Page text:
Summer Blues

I have to admit I’ve been a World Cup potato for the past week. I saw a lot of games, not all, but probably too many! Felt most sorry for Ivory Coast who were great, so I’m now counting on them for 2010 in South Africa. In general I root for underdogs, but still have a soft spot for Brazil. The World Cup is really the best sports event every four years.

I’ve fallen into another period of deep sadness so my normal exuberance is a missing resource for keeping this blog going. I’ve been reading a lot, of course, so I’ll give a few short reports by way of saying hello to all. First I read Atomik Aztex, a wild novel by Sesshu Foster. It tells a very strange hybrid story whipping back and forth between an Aztek warrior brigade fighting against the Nazis in Stalingrad during WWII, to an Aztek who is having delusions of being a guy working in a pork slaughterhouse in contemporary East L.A. Or is he a guy working in a slaughterhouse in East LA who has weird dreams of a parallel universe in which the Azteks defeated the Spanish and control North America? That’s the fun, and Foster’s literary pleasure in playing with spelling and language is very entertaining. I recommend this book even though I didn’t think it as great as it might have been.

My friend Heather Rogers published a book last year to accompany her documentary video of the same name, “Gone Tomorrow: The Hidden Life of Garbage.” (The website at that link is really worth a visit!) The book reads really well, does a great job of giving the history of trash and garbage management, and debunks the simplistic views that a lot of folks have about recycling (while still endorsing some aspects of a public engagement with recycling as better than not having that!). I particularly liked her ability to smoothly integrate a historic look at the various technological “fixes” for garbage (from incineration to sanitary landfill) with the critical understanding of the rise of consumerism and waste as social policy. She leans on the work of Stewart Ewen, who has several very important books about the origins of the advertising industry (Channels of Desire, Captains of Consciousness, SPIN!). His work, in turn, was taken by Adam Curtis for some of his four-part BBC documentary “Century of the Self“ which traces the career of Edward Bernays, the nephew of Sigmund Freud who gets a lot of credit for inventing modern techniques of opinion management. Anyway, Heather makes visible the always denied and invisible mountains of garbage that our daily lives create. Any thorough-going effort to redesign our lives will have to take on this overlooked nightmare, and the sooner the better!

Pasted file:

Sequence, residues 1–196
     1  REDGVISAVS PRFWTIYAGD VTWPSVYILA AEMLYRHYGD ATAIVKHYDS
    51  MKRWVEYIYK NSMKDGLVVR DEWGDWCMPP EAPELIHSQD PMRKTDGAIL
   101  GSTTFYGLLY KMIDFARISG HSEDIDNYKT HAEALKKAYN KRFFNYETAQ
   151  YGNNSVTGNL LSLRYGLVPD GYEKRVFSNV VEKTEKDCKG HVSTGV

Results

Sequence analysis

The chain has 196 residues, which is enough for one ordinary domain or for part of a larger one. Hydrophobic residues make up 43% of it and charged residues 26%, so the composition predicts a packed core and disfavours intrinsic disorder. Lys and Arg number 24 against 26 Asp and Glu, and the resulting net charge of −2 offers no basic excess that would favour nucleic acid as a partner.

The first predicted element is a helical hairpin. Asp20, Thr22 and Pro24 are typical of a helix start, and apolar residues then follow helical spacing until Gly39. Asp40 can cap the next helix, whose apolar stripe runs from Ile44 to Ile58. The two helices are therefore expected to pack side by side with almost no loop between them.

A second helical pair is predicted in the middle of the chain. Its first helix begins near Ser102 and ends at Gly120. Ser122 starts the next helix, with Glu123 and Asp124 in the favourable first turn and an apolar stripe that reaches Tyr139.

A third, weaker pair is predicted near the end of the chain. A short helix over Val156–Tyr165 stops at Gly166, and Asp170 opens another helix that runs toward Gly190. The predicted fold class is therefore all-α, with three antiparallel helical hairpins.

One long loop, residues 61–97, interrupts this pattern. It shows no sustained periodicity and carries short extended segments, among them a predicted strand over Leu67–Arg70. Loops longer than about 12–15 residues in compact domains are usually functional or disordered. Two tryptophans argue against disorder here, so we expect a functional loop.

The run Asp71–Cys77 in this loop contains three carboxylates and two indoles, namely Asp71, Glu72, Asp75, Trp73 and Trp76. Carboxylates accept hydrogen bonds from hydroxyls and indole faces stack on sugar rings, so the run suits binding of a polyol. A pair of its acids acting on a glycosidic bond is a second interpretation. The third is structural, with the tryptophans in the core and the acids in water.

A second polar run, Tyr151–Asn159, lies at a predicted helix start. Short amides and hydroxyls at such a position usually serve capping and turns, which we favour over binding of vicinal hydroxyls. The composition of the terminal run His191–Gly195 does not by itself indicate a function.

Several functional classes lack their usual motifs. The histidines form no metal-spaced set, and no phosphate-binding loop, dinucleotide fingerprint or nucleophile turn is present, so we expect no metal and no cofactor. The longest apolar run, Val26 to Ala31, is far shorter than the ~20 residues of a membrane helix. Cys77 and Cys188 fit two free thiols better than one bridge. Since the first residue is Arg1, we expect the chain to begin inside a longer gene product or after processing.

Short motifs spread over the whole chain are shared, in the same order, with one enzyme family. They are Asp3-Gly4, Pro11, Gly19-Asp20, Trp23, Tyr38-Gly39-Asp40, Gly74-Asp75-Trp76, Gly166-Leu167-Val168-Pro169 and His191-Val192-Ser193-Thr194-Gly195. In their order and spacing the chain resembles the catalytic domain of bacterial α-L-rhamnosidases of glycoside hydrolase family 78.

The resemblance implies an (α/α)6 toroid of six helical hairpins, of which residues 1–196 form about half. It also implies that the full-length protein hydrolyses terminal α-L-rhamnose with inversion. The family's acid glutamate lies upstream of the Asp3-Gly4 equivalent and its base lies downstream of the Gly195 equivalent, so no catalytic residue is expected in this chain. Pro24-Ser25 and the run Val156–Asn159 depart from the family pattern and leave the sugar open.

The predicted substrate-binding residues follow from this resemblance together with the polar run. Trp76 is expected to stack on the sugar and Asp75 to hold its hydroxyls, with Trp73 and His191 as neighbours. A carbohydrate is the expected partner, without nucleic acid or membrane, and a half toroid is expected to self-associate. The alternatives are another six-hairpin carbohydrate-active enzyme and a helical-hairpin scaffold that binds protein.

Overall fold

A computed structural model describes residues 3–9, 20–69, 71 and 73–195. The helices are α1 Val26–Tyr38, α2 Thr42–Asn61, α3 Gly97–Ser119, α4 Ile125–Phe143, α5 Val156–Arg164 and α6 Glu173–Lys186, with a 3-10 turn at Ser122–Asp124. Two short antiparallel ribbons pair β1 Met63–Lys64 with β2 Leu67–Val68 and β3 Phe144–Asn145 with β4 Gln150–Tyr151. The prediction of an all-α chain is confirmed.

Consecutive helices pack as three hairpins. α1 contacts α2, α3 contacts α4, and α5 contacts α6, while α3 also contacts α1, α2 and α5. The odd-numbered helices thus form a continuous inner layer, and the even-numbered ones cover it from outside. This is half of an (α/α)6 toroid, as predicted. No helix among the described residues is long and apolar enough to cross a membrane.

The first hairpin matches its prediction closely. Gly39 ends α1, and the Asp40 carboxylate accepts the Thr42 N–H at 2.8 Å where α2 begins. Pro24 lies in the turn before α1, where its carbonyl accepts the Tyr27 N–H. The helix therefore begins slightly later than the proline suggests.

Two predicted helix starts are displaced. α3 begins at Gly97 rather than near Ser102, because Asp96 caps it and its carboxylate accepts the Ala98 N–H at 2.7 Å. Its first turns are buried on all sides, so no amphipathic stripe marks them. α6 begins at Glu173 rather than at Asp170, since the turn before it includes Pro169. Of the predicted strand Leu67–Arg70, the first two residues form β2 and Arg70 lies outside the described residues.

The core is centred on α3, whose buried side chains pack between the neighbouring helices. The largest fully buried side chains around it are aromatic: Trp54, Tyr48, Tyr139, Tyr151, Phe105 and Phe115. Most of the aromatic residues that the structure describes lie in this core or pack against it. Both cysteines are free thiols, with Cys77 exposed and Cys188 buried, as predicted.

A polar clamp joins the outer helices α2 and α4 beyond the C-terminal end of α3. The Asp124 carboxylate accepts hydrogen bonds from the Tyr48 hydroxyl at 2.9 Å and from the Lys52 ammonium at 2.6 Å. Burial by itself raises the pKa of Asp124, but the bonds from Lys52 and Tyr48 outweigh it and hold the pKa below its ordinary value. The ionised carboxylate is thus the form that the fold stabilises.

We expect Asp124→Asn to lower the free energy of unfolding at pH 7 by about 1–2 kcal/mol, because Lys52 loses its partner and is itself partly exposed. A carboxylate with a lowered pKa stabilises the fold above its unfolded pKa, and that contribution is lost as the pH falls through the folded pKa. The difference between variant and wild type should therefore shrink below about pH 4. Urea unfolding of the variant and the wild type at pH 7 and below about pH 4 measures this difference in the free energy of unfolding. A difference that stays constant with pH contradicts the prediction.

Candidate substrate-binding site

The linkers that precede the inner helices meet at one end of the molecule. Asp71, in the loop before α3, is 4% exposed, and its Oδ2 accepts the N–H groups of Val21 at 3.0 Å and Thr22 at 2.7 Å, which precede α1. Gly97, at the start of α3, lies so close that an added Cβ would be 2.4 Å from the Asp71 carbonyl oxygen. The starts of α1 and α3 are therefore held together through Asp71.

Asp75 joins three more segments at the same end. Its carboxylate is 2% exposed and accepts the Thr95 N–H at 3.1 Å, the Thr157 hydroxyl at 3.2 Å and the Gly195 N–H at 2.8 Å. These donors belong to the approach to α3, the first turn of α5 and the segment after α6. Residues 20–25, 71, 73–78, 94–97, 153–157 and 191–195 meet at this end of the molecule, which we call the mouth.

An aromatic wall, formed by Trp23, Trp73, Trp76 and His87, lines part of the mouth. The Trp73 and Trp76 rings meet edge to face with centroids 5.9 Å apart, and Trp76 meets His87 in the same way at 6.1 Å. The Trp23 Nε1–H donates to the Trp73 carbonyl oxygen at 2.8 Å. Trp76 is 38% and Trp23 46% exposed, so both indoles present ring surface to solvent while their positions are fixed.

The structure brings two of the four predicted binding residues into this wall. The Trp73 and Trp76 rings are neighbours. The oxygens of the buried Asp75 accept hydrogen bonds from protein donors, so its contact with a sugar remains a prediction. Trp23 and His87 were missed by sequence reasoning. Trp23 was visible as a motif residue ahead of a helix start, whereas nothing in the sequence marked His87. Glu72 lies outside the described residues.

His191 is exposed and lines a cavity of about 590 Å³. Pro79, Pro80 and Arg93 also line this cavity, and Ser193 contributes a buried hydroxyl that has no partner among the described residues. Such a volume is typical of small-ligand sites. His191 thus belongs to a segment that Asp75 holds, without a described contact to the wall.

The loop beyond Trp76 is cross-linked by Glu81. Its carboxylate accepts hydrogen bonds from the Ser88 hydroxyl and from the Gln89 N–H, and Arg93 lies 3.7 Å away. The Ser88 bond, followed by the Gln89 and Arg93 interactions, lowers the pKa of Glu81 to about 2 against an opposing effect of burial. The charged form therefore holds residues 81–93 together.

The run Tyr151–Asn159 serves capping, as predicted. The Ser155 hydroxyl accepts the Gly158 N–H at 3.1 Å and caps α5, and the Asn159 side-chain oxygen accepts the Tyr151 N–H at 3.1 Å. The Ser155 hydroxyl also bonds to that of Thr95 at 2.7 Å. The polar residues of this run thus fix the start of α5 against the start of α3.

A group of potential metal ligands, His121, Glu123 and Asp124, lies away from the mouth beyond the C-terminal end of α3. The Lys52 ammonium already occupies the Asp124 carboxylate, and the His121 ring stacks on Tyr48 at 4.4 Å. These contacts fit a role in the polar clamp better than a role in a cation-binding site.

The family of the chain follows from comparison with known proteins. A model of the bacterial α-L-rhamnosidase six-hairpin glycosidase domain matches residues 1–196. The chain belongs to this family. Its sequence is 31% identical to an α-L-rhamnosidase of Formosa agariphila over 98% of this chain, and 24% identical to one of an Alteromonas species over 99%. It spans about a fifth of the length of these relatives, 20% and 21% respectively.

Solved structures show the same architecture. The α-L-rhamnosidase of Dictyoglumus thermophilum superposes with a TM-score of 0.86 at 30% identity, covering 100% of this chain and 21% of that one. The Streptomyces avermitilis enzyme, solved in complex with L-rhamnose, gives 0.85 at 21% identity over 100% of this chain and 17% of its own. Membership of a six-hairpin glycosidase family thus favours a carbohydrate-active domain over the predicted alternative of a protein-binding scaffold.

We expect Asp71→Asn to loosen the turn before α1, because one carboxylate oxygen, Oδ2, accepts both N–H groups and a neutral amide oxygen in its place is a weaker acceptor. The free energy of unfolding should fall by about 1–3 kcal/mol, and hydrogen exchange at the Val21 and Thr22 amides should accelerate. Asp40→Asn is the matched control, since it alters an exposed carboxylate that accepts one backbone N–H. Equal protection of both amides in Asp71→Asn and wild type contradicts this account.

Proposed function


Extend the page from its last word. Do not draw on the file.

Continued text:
I got sucked in to a very popular series, Philip Pullman’s “His Dark Materials” books, starting with book one, The Golden Compass. It has all the qualities that you want from this kind of thing, great characters, a twisting and unpredictable plot, and crisp writing. I found myself looking forward to curling up with this book each night for the past week as I dashed through it (but only before falling asleep). Now I’m on to the second volume, and will carry on through. The usual spate of magazines and articles and chapters in books too, of course, but they’ll get a more ample treatment in a later post. I strongly recommend reading Chris Clarke’s editorial introducing the new fall 06 issue of Earth Island Journal (they haven’t posted the piece yet). A breath of fresh sanity” he goes after the basic stupidity of the economy as a worthy way of measuring our lives. Extremely concise and on the point. Check it out!

5 comments to Summer Blues

  • Jym

    =v= You know Heather Rogers? I met her through Brooklyn Greens. Scary movie.

  • hibiscus

    ghana, ghana, let’s see. i don’t… ah, found them. what are they doing filed under “brazil”? that’s CRAZY.

  • s0metim3s

    from one soccer potato to another …

    Ah, but Ghana! What style.

  • hibiscus

    (“can’t” assumes both come in first in their groups.)

  • hibiscus

    i would like to point out the very happy timing of an argentina-brazil-ecuador attack on the later tournament in terms of politics in south and central america at the moment. also that under the schedule, argentina and brazil can’t play until the finals, and it would be the first all-americas final since 1950. (and much to the pleasure of spanish-speakers, brazil would be the one playing uphill.)

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